Antibiotic resistance of Escherichia coli strains isolated from broiler chickens- Emergence of ESBL/AmpC strains in the Sfax governorate
Ben Salem Amenia, Ben Chehida Fatenb, Wafa Tombari, Nadia Jaziri, Dhahbia Bouceffa, Messadi Liliab

a Centre National de veille Zoosanitaire, Tunis
b École Nationale de Médecine Vétérinaire, Sidi Thabet, Tunis

Antimicrobial resistance is a worldwide threat to human, animal, and environmental health. This critical situation has been amplified by the intensification of livestock farming, especially for poultry, and antibiotic overuse. Among the resistant bacteria, Escherichia coli has become the main host for beta-lactamases. The latter are linked to a phenotype of resistance to diverse antibiotics classes that cause serious therapeutic failures.

The objectives of this study were to (i) determine the prevalence of E. coli digestive carriage in broiler chickens raised in the Sfax region, (ii) measure antibiotic resistance rates of the isolates and (iii) identify the major genes involved in β-lactams and colistin resistance.

A total of 139 E. coli strains isolated from cloacal swabs of broiler chickens aged 38-46 days and collected between February and May, 2019 from four farms in different regions of the Sfax governorate were studied. The susceptibility of E. coli strains to 21 antibiotics was investigated using the agar diffusion method. The presence of genes encoding for beta-lactams, cephalosporinases, and colistin resistance was determined by molecular analysis. Phenotyping results revealed the presence of 127 multidrug-resistant E. coli isolates (91.4%) and significant levels of extended spectrum b-lactamase (ESBL) (54%) and AmpC cephalosporinase (22.3%). High resistance rates were observed for tetracycline (99,3%), nalidixic acid (94.2%), cefuroxime (90.6%), amoxicillin (89.9%), enrofloxacin (89.2%), piperacillin (85.6%) and cefalotin (85.6%). Several tested strains (25.9%) were resistant to colistin, a last-resort antibiotic used in human medicine. Moreover, 2.9% of the strains were resistant to ertapenem, an antibiotic not used to treat animals.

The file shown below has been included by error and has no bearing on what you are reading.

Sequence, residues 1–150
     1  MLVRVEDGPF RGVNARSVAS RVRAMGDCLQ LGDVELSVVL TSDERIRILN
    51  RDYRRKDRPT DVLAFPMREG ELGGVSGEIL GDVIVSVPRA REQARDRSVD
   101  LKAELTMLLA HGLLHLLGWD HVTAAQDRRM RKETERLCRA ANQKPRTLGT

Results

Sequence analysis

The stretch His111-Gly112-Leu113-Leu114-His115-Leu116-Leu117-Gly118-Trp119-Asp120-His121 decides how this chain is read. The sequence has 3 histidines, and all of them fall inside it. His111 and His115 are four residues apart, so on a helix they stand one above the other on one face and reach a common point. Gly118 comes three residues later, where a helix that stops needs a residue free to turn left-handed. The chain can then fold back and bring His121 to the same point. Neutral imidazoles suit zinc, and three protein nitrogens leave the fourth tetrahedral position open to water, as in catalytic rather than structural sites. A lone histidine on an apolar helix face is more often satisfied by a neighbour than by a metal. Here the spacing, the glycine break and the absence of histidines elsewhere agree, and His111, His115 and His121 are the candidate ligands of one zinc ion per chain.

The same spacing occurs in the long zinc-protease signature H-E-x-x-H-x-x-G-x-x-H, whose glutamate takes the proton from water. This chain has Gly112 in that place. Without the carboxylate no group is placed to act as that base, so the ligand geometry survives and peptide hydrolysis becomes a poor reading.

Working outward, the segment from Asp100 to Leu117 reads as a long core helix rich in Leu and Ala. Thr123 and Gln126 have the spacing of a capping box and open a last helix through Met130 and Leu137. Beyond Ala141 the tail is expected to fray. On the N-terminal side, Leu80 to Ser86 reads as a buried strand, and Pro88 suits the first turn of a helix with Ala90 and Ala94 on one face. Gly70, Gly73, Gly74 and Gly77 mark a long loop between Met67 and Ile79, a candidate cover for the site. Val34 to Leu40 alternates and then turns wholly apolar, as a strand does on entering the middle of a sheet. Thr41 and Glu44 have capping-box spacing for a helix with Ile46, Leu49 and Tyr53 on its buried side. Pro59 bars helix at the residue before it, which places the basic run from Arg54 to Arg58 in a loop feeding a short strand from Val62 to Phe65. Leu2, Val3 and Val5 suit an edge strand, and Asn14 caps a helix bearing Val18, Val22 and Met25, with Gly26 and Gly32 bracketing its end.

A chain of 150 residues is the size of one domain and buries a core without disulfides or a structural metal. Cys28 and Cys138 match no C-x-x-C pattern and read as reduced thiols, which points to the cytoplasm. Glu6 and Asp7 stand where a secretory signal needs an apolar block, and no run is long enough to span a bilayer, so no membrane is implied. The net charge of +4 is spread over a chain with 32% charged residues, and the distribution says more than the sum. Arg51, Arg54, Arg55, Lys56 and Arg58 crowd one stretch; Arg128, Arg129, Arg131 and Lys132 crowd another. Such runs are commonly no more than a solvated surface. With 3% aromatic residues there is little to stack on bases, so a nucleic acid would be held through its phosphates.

Molecular analysis of beta-lactams resistance genes was positive for blaCTX-M-1 (62), blaCTX-M-9 (6), blaSHV (2), blaTEM (2), and the cephalosporinase genes blaCMY (26) and blaAmpC (5). All C3G-resistant isolates (ESBL and cephalosporinases) tested positive for the mcr-1 plasmid gene, representing a prevalence of 25.2%.

These alarming results confirm the significant need for rigorous control of antimicrobial use, education of veterinarians about the risk of antibiotic resistance development and of livestock producers regarding the potential hazards of self-medication, an expanded laboratory monitoring of antibiotic resistance, and a follow-up to enable timely implementation of corrective measures.